I'm trying to do/understand the following exercise:
"Let $E$ be a finite extension of a field $F$. If $[E:F] = 2$, show that $E$ is a splitting field of $F$."*
Background: Just beginning studying fields, I know nothing of Galois theory. Here is my reasoning so far:
$[E:F] = 2$ means that E, when viewed as a vector space over F, has dimension 2. This means that
$\beta \in E \implies \beta = b_0 + b_1 \alpha$, where $\alpha \in E \setminus F$
In other words, $E$ must not only be a finite extension but a simple extension $F(\alpha)$, where the degree of $\alpha$ over F is 2. Did I interpret the definitions correctly here? Does $[E:F]$ imply that $E$ is such a simple extension? [Cleared up definition of a field splitting a field.]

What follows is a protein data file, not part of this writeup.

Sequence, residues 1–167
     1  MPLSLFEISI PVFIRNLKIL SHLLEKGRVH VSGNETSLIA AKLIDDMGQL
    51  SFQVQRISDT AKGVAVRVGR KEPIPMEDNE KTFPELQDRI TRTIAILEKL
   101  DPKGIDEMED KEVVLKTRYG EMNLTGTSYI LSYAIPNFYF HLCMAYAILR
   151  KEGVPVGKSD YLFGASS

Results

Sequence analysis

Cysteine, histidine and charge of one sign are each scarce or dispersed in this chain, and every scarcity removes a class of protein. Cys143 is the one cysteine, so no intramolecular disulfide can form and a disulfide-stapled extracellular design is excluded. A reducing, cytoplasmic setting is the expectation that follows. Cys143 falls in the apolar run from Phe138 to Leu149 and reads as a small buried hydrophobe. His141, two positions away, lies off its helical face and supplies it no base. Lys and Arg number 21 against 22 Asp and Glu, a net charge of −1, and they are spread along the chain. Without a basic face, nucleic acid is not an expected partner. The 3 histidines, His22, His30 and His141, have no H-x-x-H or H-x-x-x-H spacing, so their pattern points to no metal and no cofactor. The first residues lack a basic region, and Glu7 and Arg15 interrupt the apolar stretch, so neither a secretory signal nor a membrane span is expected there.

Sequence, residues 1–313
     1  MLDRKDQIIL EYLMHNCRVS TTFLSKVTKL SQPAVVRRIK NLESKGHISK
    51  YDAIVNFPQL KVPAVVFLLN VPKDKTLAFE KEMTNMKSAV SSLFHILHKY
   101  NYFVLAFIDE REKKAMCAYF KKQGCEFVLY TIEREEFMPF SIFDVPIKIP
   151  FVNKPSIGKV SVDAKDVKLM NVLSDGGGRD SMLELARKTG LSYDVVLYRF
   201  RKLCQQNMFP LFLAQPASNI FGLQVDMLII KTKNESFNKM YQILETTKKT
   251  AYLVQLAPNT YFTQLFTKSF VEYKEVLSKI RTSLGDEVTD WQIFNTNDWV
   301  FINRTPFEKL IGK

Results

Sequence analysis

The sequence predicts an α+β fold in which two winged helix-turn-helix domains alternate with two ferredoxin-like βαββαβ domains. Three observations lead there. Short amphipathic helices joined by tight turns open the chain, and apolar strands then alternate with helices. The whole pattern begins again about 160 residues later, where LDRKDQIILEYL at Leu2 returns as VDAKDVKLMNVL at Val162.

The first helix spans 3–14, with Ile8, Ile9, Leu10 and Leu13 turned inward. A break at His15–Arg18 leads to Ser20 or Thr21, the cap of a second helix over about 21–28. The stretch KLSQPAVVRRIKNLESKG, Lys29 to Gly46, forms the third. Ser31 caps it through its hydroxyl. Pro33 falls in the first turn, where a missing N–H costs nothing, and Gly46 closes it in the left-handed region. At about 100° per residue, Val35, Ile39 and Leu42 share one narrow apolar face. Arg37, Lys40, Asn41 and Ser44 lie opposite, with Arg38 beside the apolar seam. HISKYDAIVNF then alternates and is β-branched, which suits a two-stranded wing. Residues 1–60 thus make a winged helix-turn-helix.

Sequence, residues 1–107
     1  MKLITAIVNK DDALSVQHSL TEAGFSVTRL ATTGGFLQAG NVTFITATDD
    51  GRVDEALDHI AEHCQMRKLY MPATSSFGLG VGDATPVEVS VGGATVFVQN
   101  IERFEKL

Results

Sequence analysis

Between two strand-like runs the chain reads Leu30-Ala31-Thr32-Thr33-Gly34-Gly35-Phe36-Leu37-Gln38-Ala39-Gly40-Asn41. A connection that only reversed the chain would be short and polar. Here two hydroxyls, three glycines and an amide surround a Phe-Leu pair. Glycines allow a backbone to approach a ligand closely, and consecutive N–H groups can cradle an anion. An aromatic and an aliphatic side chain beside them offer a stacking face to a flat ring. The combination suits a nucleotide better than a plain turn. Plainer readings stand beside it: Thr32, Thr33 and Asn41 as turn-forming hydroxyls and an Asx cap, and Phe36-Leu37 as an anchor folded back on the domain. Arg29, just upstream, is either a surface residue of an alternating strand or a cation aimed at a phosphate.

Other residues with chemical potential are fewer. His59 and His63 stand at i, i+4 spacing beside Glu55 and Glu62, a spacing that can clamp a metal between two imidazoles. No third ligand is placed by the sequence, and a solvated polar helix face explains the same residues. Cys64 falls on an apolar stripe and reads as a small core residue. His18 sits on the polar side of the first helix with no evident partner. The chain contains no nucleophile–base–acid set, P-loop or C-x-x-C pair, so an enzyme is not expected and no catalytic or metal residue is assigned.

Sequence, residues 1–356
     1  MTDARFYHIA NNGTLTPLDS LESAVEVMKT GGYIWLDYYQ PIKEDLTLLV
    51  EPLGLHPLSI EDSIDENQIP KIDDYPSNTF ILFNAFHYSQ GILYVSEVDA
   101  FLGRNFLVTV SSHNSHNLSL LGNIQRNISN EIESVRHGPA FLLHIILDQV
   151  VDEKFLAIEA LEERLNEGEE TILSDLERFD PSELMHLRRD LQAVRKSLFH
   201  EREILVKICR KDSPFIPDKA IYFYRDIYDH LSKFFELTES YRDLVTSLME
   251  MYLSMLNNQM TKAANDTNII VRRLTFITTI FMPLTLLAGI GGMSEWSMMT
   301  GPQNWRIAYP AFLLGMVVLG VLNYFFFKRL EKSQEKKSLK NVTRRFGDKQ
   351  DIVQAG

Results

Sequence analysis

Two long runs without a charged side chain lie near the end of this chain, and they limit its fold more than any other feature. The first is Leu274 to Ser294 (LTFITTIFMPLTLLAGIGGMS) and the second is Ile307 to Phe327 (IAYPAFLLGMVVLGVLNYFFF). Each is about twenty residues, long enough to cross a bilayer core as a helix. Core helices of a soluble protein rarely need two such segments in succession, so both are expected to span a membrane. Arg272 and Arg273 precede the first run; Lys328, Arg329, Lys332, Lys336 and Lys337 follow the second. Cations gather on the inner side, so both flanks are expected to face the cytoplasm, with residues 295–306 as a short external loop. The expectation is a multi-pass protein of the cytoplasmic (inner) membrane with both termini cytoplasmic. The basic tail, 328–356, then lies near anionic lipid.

Now, assuming the above is correct, $\alpha \in E$ implies that $\alpha^2 = c+d\alpha$, for some $c$, $d \in F$. Consider this polynomial of degree 2 in $F[x]$:
We see that:
$p(\alpha)=\alpha^2-d\alpha-c = 0$
$p(x) = (x-\alpha)q(x)$
Where $q(x)$ must be of degree one, i.e. a linear factor. So $E$ is a splitting field of $p(x)$. Is my reasoning correct?
*pg. 330 from Judson's Abstract Algebra: Theory and Applications, freely available here http://abstract.ups.edu/download.html.